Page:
I have a drive for constant change and reinvention, as well as a strong desire for stability. It's a push and pull that I struggle with, probably stemming from the way I grew up, and the way we moved every three to four years. I know I need to stay put, in my job, my house, my life. When I think about what I want out of my life, stability is at the top of my list. And yet. And yet. I still yearn for different things. New surroundings, new challenges, new things, to try on new personas instead of being happy with the one that I have.
This past Saturday morning, I sat in the dining room of a friend, with all the girls from my book club seated around a wooden table. We were eating the most sinfully delicious pancakes I've ever had - chocolate chip and bacon - and sipping mimosas. We were discussing The Glass Castle, a book about suffering and poverty. And yet. Here I was, looking around her condo, wishing my place looked like hers. She just moved in about six months ago, and has a nicely remodeled kitchen, and these gleaming hardwood floors. She has a teeny living room, but a big. white linen sofa on a fluffy white rug that just looks so fresh and inviting. Her bathroom is a cheery blue with a pink and purple floral shower curtain Matt would deem far too girly for our shared space. I felt so shallow and dumb. Because at this point, I wasn't even yearning for something I don't have. I have a condo. I just liked hers better in that moment. It was cleaner and more put together than mine. Somehow, more special and sophisticated. Here I am, discussing the tale of someone's horrible childhood, and feeling petty and envious because someone has a nicer shower curtain than me. I kind of hated myself in that moment.
Then I read all the blogs I subscribe to in my Google Reader, and I wish that I had the time, the talent, and the inclination to have the lives of some of the women I read: The ability to cook fantastic, photo-worthy meals, or to craft sweet little clothes for my son. I suddenly don't want the city condo of my book-club friend, but the life of a stay at home mother who homeschools, who cloth diapers and dries them on a clothes line, who grows a big backyard garden. Who lives in the woods and wears breezy sundresses, whose home is artfully disheveled, with distressed hardwood floors and a big farm sink, and is decorated with charming bowls of polished stones and fresh wildflowers. I read about their deliberately slowed-down lives, and wish that I could be more like that.
I want to be crunchier, hippier than I am sometimes. But I also want to be more put together and have a clean, magazine-ready home at the same time.
Why is my own life not good enough? I am so blessed. I have the most amazing son, who always has a mischievous sparkle in his eye, and is always dancing, laughing and giving kisses. He is certainly happy. My husband is great too - he makes me laugh, he always gets me and my neuroses. And his presence is always so calming - in the midst of any kind of crises, he is there to lend logical advice and support. And then there's my home. It's fine. In fact, really, it's more than fine. I love the way the maple wood floors in the kitchen look in the mid-day sun, and the contrast of the creamy white cabinets against the cherry red walls. I love our big, comfy sectional, and how we can lounge on it while Sebastian crawls over us and bounces up and down, and how once he goes to bed we put our feet up, crack open a beer and watch Mad Men. Yesterday, I glimpsed Sebastian sitting on the floor of his bedroom, paging through a board book with his brows furrowed in concentration. His bedroom is a bright blue, and has hand painted clouds on the walls, and decals of hot air balloons and airplanes. There's a book we read together sometimes called Zen Ties, and on the cover two pandas hold bright balloons. Sebastian points at them, and I say "balloon!" and then he points at his walls. And recently he started pointing at an orange lantern he has hanging from his ceiling when we say "balloon." So I bought a tiny basket and some ribbon, and turned the lantern into a hot air balloon. It's seriously cute, and a good example of how we use simple things to make our house ours.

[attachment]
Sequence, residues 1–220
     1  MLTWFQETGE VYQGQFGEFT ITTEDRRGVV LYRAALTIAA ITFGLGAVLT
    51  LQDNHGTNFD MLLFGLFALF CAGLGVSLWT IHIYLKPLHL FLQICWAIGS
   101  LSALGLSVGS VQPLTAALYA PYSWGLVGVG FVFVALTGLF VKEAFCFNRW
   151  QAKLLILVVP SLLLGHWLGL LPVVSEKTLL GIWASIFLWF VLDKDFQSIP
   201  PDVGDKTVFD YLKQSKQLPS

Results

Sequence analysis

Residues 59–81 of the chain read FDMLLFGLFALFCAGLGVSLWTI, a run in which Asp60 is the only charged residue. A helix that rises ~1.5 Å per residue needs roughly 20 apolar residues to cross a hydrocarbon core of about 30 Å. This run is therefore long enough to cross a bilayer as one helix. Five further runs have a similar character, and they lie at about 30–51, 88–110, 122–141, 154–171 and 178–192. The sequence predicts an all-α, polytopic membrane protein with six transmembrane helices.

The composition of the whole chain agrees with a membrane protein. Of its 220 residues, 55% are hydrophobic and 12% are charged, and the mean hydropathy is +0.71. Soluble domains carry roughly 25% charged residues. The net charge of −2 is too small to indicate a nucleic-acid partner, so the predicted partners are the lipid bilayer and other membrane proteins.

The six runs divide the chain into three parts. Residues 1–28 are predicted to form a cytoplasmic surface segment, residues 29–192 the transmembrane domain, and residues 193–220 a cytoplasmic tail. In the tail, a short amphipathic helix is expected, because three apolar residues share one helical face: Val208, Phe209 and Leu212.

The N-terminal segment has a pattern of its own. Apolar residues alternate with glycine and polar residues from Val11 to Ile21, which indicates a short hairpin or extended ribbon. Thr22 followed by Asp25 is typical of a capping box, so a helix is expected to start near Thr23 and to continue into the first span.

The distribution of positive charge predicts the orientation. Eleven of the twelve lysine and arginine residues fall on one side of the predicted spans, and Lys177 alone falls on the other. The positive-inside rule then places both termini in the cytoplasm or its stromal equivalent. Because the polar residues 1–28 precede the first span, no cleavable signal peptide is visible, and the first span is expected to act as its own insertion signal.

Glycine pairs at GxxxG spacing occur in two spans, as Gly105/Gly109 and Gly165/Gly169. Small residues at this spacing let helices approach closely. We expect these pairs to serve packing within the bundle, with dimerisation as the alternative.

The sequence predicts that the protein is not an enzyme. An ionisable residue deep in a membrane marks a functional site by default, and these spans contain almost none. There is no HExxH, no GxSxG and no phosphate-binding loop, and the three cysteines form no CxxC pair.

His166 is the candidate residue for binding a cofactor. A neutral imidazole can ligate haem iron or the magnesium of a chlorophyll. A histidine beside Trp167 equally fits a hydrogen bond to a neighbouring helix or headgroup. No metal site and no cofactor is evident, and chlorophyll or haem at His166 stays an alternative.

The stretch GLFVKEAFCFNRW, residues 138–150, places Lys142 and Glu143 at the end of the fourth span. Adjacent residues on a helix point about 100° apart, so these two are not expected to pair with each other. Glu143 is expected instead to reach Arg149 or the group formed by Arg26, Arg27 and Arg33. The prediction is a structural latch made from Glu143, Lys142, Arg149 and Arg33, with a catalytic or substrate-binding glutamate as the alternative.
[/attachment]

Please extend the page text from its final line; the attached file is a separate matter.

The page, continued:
And as for me, I try really hard to be patient and kind, to my friends and family. I think I'm fun and cheerful and a good person. The thing I need more of is confidence. Confidence that I am a unique, worthy person who can eat local meat AND sometimes really want something from Taco Bell. Who can read Unconditional Parenting and blogs about kids and consumerism, but also let my kid watch Sesame Street. That I can dream of spending the whole day picking up sticks and leaves with my kid, but that the reality is I have to go to work and make money, and that's okay too. And that I can drool over someone else's granite counter tops without feeling like my little condo is unworthy. That I can't spend my energy envying other people. It's not healthy.
This blog was started to convince me that even though our "investment" is hemorrhaging money, that it can be a good enough place to live and for our son to grow up. Lately I feel it's the place where I need to come to convince myself that my whole LIFE is good enough. Because it so is.